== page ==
In the morning, we dressed in white ‘sil’ clothes and went in a procession to Jaya Sri Maha Bodhi temple carrying milk rice pots and lotus flowers. We offered these at the statue of Lord Buddha inside the temple. This majestic temple situated by the bank of river Neranjana, built in classical style of Indian temple architecture is about 170 ft high. The Buddha statue on Wajrasanaya is undoubtedly charismatic, filling our minds with devotion.

Behind the temple, there is sacred Sri Maha Bodhi tree surrounded by a golden fence. We offered flowers at the ‘mal asana’ there. We observed ‘Atasil’ sitting under the cool shade of Sri Maha Bodhi tree. As green leaves of Bodhi were swaying in the gentle breeze, the tranquillity of the place soothed our minds.

We listened to a Dhamma deshana and meditated for a while. Tibet monks were there chanting and worshipping. We went around the temple and Sri Maha Bodhiya while chanting. Many devotees from Buddhist countries were there. This temple is a must visit for all the Buddhists.

At noon, we attended alms giving at Maha Bodhi temple. We visited places of ‘sath sathi’ located around there. At east-south side, is a pond with a majestic statue of Lord Buddha wrapped by a replica of Muchalindha naga raja, a wonderful sight. Moreover, pillar of Ashoka pillar, marking the place of Ajapal nuga tree can be seen. Next day we went about 15 km by jeeps to Senani grama, where Lady Sujatha offered milk rice and Sottiya brahmana offered grass to Bodhisathva near Neranjana river.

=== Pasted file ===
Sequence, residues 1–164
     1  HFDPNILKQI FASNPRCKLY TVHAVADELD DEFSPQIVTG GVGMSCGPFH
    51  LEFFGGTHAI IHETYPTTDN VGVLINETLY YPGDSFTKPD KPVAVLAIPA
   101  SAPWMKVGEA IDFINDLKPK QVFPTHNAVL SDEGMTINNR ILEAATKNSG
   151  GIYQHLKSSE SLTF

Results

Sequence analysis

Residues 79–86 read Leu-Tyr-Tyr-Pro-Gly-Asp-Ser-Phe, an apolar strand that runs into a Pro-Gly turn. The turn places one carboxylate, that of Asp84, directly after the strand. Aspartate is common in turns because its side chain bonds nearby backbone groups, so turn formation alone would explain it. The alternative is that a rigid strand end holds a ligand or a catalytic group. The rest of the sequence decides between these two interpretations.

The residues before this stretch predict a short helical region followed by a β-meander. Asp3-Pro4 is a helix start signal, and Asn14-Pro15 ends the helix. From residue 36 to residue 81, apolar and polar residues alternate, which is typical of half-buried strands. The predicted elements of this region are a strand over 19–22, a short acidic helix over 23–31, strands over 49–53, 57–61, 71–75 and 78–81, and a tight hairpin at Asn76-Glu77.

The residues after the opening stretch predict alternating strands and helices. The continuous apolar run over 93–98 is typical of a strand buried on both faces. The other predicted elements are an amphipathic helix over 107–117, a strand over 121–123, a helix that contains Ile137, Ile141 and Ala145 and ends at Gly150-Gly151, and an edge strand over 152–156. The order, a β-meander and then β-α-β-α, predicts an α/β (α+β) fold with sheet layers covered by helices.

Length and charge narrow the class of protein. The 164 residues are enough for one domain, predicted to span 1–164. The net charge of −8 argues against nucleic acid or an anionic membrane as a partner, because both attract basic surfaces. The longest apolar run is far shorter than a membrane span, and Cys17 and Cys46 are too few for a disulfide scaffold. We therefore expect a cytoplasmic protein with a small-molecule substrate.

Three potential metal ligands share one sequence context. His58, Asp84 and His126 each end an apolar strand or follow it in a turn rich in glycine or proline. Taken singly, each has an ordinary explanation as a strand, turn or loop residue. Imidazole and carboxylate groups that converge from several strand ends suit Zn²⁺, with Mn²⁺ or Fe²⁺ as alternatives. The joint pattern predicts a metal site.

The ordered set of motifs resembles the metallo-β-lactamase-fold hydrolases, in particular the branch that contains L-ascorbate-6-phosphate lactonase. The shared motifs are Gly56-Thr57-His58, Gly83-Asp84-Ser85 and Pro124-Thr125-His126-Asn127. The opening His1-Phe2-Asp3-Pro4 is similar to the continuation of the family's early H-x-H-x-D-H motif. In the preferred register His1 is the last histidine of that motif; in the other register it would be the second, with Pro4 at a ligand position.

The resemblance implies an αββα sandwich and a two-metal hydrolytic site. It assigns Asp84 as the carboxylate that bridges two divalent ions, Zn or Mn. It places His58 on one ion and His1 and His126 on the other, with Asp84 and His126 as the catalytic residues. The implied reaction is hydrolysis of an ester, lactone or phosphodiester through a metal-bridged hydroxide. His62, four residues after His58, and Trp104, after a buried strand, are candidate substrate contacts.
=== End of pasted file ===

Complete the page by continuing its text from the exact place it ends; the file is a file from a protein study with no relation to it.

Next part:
Afterwards we went to Durgeswari hill where Bodhisathva spent an ascetic life by deprivation of worldly goods, including food, practising self-mortification for 6 years (dushkara kriya). We had to walk along a steep narrow road winding through the hill. My companion – Chandra sought the help of palanquin bearers to climb. There is a small cave on top, with a mystic appearance and surrounded by lush greenery. Inside the cave is a statue of Siduhath Bodhisathva, showing a lean body with ribs visible under skin. It was a sad sight. We felt exhausted, but got refreshed by a herbal drink given by monks of Tibet temple near that cave.

Rajagaha Nagar

Next day, we travelled to Rajagaha nagar about 200 km away by bus. There we saw marks of wheels of a cart on a flat stone and ruins of prison of King Bimbisara. To visit Gijja kuta hill we had to climb steps leading up, along ‘Bimbisara’ road. We saw the rock pushed by Devadatta thero, to hurt Lord Bhudda and the large rock that blocked its path. On the top of the hill, situated the ruins of the chamber of Lord Bhudda. I had an amazing view from the hill top as I could see villages and woods below, a scene with natural beauty. There, devotees can take a ride by cable cars to visit Sama sthupa on a nearby hill.